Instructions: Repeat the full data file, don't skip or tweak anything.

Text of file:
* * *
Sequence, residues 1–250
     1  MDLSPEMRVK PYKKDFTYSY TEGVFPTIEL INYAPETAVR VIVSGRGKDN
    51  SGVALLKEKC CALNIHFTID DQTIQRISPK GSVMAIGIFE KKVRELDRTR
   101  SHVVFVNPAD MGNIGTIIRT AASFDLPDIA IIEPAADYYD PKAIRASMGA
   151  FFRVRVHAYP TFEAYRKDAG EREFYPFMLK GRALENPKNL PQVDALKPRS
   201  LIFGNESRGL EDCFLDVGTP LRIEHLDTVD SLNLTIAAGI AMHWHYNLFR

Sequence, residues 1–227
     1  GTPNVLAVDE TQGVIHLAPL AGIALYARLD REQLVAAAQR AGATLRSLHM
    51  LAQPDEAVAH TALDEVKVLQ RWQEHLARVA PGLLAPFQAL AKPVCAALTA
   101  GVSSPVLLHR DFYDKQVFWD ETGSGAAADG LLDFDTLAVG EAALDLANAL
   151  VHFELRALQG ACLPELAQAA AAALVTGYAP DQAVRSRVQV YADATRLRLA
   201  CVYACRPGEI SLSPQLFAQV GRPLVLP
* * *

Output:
Sequence, residues 1–250
     1  MDLSPEMRVK PYKKDFTYSY TEGVFPTIEL INYAPETAVR VIVSGRGKDN
    51  SGVALLKEKC CALNIHFTID DQTIQRISPK GSVMAIGIFE KKVRELDRTR
   101  SHVVFVNPAD MGNIGTIIRT AASFDLPDIA IIEPAADYYD PKAIRASMGA
   151  FFRVRVHAYP TFEAYRKDAG EREFYPFMLK GRALENPKNL PQVDALKPRS
   201  LIFGNESRGL EDCFLDVGTP LRIEHLDTVD SLNLTIAAGI AMHWHYNLFR

Sequence, residues 1–227
     1  GTPNVLAVDE TQGVIHLAPL AGIALYARLD REQLVAAAQR AGATLRSLHM
    51  LAQPDEAVAH TALDEVKVLQ RWQEHLARVA PGLLAPFQAL AKPVCAALTA
   101  GVSSPVLLHR DFYDKQVFWD ETGSGAAADG LLDFDTLAVG EAALDLANAL
   151  VHFELRALQG ACLPELAQAA AAALVTGYAP DQAVRSRVQV YADATRLRLA
   201  CVYACRPGEI SLSPQLFAQV GRPLVLP